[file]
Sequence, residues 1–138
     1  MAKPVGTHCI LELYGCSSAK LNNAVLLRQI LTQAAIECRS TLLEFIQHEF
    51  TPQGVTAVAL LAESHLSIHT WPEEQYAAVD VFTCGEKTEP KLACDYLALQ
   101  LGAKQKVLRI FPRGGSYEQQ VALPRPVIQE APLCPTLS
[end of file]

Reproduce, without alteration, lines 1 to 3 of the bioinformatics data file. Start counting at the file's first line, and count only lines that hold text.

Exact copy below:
Sequence, residues 1–138
     1  MAKPVGTHCI LELYGCSSAK LNNAVLLRQI LTQAAIECRS TLLEFIQHEF
    51  TPQGVTAVAL LAESHLSIHT WPEEQYAAVD VFTCGEKTEP KLACDYLALQ